The upcoming Tel Aviv Marathon is a hugely popular event with thousands of participants – a large share of whom aren’t running the full distance. If you are considering running the marathon, or any other distance, we invite you to take notice of the medical advice below to make it the challenging yet fun event you want it to be!
Please note: To prevent the spread of the Coronavirus, runners that had planned to travel to Tel Aviv from abroad will not be allowed to start at the event. Cancellation of the event is currently discussed by the Health Ministry and local authorities – as of now (Monday, Feb 24) the 40,000 registered local runners are good to go. (See also our blogpost regarding medical updates about Coronavirus in Israel).
1. Get Functional Clothing For Health & Comfort
Weather in Tel Aviv at this time of the year is unpredictable, the marathon was cancelled 2x in the past 10 years for medical considerations due to hot temperatures.
To prevent your body from overheating (which could potentially lead to Hyperthermia or Heat Exhaustion) or from losing too much heat (resulting in Hypothermia), it’s a good idea to invest in some temperature controlled running attire. Clothes should also be non absorbent and of course, comfortable.
Keep in mind that even if you feel cold when you arrive at the race, you your body temperature will rise significantly once you begin running. Wearing layers is a good option, as you will be able to add & remove them depending on the weather/how you feel.
2. Footwear To Prevent Orthopaedic Injuries
Running in incompatible/ill fitting footwear can create foot, knee, hip & back pain. Wearing running shoes that fit you and provide your feet with enough cushioning & support, helps to prevent injuries such as Stress Fractures and Achilles Tendonitis (an inflammation of the Achilles Tendon).
It has also been shown that wearing too small/tight shoes, can lead to conditions such as Bunions and Corns.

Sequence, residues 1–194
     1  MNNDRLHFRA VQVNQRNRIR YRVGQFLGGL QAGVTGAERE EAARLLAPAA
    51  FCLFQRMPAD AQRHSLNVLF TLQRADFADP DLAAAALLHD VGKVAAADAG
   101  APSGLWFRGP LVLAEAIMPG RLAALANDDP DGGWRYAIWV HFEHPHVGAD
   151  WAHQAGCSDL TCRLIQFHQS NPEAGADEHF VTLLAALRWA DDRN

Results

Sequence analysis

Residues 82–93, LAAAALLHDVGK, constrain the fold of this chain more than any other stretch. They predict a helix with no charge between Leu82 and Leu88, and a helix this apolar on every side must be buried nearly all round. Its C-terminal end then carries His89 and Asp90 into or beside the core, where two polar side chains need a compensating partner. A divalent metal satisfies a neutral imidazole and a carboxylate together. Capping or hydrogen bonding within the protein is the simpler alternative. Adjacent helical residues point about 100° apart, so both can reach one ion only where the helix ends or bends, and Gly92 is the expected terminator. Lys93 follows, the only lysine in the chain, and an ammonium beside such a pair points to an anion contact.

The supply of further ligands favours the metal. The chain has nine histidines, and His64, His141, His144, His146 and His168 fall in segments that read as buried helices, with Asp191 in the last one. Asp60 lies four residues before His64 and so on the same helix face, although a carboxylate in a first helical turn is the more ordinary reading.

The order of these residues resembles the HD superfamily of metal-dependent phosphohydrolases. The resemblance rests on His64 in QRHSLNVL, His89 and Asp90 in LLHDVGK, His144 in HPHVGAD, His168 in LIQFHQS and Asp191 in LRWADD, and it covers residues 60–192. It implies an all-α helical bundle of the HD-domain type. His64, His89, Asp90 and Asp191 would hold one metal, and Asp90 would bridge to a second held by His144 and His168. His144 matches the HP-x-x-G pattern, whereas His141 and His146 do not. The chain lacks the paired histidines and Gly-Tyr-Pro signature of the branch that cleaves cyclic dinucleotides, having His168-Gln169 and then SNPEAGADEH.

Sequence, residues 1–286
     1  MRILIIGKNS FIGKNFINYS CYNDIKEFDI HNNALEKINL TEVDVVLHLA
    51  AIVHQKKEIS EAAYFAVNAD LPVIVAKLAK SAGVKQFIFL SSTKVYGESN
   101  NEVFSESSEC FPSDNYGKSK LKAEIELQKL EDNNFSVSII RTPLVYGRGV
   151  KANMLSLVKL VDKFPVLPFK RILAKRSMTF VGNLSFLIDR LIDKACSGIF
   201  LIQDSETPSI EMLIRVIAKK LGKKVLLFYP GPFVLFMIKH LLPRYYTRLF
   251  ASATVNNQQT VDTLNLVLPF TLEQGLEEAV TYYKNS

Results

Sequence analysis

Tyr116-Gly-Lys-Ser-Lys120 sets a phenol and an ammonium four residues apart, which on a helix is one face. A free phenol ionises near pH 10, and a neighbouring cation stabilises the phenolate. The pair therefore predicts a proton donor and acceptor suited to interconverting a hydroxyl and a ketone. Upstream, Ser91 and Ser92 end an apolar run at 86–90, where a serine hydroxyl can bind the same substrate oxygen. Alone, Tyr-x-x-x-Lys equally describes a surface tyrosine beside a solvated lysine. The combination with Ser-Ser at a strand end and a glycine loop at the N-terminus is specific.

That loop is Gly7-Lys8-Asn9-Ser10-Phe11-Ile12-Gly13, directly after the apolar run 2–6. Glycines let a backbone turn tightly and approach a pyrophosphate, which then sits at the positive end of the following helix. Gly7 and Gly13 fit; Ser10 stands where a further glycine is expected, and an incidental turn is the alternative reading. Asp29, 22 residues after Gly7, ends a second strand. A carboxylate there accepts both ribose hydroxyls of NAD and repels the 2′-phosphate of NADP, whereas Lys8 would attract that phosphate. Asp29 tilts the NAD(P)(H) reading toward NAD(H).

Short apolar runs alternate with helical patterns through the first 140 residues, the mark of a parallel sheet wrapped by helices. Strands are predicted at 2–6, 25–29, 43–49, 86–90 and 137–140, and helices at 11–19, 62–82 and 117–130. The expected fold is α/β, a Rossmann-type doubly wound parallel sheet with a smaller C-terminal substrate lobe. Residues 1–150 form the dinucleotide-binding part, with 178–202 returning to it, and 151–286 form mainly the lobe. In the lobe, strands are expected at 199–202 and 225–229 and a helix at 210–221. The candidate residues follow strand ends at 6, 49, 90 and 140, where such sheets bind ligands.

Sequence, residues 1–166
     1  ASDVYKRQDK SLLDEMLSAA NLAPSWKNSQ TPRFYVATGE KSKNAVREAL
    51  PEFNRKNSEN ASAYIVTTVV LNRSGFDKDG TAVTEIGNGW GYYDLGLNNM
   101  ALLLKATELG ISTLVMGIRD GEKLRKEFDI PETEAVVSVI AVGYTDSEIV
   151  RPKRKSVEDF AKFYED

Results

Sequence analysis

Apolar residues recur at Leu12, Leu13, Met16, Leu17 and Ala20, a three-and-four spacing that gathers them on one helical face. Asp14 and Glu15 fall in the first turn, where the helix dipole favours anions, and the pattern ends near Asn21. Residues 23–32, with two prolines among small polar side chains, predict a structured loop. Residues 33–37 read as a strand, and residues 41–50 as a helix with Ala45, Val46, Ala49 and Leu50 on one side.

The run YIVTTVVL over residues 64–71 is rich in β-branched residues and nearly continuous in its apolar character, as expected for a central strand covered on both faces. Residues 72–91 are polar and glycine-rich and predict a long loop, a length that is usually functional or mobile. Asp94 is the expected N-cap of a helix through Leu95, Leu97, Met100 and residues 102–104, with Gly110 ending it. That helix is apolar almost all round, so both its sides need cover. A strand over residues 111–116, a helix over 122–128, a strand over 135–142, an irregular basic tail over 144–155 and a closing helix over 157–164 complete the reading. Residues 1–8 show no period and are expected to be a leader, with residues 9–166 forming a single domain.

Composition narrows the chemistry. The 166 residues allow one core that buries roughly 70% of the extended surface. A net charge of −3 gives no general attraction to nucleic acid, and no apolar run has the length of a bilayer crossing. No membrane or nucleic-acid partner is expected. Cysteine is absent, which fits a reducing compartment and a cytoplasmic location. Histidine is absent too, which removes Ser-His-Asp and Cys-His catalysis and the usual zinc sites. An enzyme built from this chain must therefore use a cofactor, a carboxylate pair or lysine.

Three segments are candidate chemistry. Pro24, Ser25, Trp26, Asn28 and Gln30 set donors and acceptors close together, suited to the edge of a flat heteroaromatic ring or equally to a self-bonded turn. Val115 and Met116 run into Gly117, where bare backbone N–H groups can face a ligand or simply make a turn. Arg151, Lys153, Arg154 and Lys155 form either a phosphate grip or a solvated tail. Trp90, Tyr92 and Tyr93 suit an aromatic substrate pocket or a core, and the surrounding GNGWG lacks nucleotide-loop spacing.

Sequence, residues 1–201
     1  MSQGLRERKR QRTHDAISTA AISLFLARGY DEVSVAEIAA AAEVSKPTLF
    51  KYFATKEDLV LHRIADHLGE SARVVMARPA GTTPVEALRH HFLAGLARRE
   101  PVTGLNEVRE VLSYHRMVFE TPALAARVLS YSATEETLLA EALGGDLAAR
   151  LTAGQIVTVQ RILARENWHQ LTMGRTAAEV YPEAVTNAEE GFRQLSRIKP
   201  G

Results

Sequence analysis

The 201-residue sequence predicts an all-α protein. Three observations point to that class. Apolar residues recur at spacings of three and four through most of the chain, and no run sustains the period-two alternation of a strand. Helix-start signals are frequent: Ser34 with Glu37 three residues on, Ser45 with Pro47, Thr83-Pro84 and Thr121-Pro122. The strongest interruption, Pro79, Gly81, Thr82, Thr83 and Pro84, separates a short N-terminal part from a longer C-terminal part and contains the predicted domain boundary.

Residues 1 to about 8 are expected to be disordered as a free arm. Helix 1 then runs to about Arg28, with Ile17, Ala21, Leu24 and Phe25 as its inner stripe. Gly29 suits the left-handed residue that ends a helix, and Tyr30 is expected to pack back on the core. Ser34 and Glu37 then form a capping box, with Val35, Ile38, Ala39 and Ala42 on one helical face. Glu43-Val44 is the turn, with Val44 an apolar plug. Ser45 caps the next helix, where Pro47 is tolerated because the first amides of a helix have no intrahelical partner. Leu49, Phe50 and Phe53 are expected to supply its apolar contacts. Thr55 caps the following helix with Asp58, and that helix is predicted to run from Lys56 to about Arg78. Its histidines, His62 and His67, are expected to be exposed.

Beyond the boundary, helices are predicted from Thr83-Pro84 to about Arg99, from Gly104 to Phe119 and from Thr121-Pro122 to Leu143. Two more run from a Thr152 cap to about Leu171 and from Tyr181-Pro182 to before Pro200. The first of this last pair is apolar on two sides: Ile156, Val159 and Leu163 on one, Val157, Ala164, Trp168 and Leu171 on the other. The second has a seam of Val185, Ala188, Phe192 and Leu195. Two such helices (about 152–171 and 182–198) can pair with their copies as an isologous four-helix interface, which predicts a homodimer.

Specialised running socks, with features such as anti shock/anti friction and moisture control, will also help to prevent blisters, raw skin & bacterial growth.
It is advisable to build up your glycogen stores by consuming extra carbohydrates in the period leading up to the race, especially the day before (Requirements will vary based on the length of your run, as well as personal nutritional needs). Stick to nutritious forms of carbohydrates such as whole wheat pasta/rice, oats, grains instead of simple carbohydrates and junk foods.
Meals should also include lean protein sources & fruit/vegetables. On the morning of the race, it’s advisable to eat/drink something small but energy dense such as a nutrition bar, banana, or sports drink. Eating a larger/heavier meal could lead to stomach problems that will cause discomfort whilst running.
During the race itself, fuel up with a sufficient amount of sports drinks/gels, and upon completion (Well Done!), regain your energy by refuelling with a nutrient dense, balanced meal.
As with fuelling, it’s important (perhaps even more so) to be well hydrated before, during and after your race. Alongside oxygen, water is the most essential necessity for life. Water makes up more than half of a person’s body weight, and plays a critical role in nourishing cells, maintaining blood pressure/volume, eliminating waste and more. Runners are particularly susceptible to dehydration (not getting enough water) which can be very dangerous indeed.
Make extra efforts to drink enough water during the period leading up to your race, but be careful not to overdo it – drinking too much fluid will dilute your sodium levels, which could in extremis lead to water intoxication.
Whilst running, you will lose fluids & electrolytes through sweating, so make sure to sip water and sports drinks during the race in order to replace these.
5. Know Your Body’s Limits!
Running a marathon requires pushing beyond mental & physical barriers to achieve a certain goal. Despite your determination to succeed, remember to listen to your body & know your limits.
Even with sufficient training & fuelling, it’s possible to feel unwell or severely exhausted at any time during the race. If you are feeling dizzy, are close to hyperventilating or feel close to passing out, these may be signs that your heart rate is too high and or/your blood pressure is too low.
If you experience these symptoms, you should stop running & take a break. Use this time to refuel & rehydrate. Take deep breaths and allow your body to rest for some time …
Enjoy! And remember: Your health is more important than achieving a new record.